The Penn treebank defines
VBN as the past tense and the past participle of a verb, respectively. In many sentences, simply getting the POS tags and checking for the presence of these two tags will suffice. In others, however, there may be verbs in multiple tenses while the sentence as a whole is in the past tense. For these cases, you need to use constituency parsing. Stanford NLP also provides a parser. You can use this to detect the outermost verb phrase (tagged as
VP). If a past tense/participle form of a verb is an ancestor of all other verbs in the verb phrase, the tense of your sentence should be marked as past tense.
The example given by Dror yields this:
(NP (PRP I))
(VP (VBD did) (RB n't)
(VP (VB want)
(NP (DT the) (NN dog)
(VP (TO to)
(VP (VB eat)
(NP (PRP$ my) (NN homework))))))))
Even though eat is not past tense, the topmost verb in the verb phrase is correctly tagged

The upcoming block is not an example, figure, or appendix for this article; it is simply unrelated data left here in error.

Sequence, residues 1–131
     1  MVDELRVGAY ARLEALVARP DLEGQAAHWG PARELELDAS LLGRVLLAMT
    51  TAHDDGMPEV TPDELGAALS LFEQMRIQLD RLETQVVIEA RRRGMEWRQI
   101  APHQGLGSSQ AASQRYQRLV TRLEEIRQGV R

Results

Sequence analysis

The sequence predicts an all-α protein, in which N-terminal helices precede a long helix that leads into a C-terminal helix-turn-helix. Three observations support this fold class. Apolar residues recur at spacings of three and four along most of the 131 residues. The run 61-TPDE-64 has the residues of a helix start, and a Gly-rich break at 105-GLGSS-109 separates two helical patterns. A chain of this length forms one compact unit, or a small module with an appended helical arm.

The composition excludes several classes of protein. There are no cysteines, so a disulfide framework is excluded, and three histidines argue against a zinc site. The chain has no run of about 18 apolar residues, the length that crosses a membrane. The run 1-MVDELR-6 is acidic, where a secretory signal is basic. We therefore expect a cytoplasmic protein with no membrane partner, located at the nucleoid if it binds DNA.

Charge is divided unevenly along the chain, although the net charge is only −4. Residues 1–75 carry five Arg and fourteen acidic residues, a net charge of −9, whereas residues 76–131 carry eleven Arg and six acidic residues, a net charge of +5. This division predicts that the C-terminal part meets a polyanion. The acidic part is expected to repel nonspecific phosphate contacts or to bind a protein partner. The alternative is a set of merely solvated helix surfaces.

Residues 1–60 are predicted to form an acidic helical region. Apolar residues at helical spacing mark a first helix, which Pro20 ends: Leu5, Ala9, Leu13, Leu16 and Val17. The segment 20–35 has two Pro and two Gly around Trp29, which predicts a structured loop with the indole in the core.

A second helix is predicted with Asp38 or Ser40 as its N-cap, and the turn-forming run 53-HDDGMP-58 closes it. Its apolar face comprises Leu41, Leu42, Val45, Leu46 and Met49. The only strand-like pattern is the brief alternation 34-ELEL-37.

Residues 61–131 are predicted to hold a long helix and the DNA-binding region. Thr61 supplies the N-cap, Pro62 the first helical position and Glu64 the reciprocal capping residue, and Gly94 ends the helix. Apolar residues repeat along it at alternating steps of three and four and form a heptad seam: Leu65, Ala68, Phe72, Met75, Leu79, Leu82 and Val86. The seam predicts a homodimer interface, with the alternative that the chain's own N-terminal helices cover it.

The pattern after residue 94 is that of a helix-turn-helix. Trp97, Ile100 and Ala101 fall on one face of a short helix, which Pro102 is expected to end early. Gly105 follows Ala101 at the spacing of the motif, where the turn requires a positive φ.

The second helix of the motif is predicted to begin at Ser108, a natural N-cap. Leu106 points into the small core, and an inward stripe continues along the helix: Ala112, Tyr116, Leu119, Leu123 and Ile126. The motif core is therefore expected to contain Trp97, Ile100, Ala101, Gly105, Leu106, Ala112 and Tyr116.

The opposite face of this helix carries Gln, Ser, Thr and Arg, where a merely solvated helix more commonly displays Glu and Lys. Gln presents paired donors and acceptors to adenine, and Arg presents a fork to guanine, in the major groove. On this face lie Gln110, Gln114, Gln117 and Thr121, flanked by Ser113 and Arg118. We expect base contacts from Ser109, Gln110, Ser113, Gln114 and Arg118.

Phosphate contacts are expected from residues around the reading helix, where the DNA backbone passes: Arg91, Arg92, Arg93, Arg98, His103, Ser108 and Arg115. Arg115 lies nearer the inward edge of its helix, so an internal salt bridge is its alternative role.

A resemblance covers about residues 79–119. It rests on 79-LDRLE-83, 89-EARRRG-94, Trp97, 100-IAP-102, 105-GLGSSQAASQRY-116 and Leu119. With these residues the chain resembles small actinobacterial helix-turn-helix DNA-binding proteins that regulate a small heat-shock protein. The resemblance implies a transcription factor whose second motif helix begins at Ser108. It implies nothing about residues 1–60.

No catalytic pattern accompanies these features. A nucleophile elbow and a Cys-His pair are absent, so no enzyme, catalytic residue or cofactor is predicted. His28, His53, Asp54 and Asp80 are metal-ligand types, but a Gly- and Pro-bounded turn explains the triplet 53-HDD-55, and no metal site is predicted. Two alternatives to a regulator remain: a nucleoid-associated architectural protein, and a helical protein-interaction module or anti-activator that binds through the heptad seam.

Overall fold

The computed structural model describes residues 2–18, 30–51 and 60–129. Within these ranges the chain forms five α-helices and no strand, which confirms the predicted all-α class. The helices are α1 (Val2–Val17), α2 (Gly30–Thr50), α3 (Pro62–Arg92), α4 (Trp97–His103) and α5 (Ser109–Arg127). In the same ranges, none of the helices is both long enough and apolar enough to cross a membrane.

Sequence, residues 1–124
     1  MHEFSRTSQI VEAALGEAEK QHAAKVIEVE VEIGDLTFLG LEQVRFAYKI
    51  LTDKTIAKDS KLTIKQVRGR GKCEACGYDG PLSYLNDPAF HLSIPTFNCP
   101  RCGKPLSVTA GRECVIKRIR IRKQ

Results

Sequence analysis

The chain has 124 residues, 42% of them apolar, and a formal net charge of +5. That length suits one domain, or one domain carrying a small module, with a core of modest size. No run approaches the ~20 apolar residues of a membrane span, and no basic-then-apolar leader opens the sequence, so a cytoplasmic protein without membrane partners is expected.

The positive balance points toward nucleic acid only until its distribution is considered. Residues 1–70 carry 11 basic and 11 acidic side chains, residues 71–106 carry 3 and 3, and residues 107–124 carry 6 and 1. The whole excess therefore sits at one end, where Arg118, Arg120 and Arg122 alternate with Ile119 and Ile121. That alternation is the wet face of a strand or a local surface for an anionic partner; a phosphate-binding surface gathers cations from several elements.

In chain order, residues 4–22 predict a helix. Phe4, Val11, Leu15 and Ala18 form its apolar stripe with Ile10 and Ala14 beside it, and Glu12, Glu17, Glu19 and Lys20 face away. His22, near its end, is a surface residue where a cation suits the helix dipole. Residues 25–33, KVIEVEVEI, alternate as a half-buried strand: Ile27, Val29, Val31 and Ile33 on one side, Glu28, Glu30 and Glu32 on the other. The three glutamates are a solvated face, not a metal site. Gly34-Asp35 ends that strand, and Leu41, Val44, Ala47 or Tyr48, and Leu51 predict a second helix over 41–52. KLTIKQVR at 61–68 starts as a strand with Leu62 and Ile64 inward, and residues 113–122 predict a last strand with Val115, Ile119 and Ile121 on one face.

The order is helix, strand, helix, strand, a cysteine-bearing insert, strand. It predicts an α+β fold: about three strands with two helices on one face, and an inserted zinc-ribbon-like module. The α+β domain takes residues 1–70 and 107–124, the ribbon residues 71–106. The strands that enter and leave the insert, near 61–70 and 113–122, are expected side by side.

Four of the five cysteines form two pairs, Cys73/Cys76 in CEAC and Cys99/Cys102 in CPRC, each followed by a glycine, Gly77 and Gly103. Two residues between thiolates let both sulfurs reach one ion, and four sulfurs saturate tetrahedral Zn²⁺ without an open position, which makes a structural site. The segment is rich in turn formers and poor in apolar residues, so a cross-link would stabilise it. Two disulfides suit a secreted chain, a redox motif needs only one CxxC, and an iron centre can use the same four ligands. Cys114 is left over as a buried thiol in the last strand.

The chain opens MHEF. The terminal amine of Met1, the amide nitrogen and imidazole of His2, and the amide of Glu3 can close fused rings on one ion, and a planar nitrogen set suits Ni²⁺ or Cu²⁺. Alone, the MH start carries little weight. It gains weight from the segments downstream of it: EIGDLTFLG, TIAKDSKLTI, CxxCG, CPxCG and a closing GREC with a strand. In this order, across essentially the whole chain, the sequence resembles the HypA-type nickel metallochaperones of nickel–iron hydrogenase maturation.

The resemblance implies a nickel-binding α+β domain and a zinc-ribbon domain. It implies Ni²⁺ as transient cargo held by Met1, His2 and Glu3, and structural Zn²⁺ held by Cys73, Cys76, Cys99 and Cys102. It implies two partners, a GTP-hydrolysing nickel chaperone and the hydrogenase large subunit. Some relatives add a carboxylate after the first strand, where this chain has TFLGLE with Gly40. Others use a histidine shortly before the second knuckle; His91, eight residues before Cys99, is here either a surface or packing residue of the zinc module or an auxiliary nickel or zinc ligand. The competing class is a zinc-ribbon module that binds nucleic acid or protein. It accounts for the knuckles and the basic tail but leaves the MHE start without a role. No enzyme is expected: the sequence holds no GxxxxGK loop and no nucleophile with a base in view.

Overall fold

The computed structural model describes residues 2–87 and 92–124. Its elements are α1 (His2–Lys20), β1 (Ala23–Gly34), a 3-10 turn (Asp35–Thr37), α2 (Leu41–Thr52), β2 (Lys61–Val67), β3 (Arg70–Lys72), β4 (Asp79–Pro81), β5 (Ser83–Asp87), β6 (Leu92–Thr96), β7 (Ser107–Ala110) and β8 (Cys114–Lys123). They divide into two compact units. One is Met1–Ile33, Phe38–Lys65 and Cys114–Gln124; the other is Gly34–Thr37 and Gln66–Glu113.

VBD (i.e. past tense).
edit (some additional information):
Complex sentences have what is called the primary tense and a secondary tense. For sentences like "By the time I will reach there, he'd have already left", there is no such thing as 'the complete tense'. You can only distinguish between the primary and the secondary.
If you want information about perfect, continuous, etc., then you will have to derive rules based on the POS tags. E.g. an auxiliary verb in present tense followed by a verb in the past tense will express the present perfect tense (if there are obvious counterexamples, please add to the answer ... I can't think of any right now).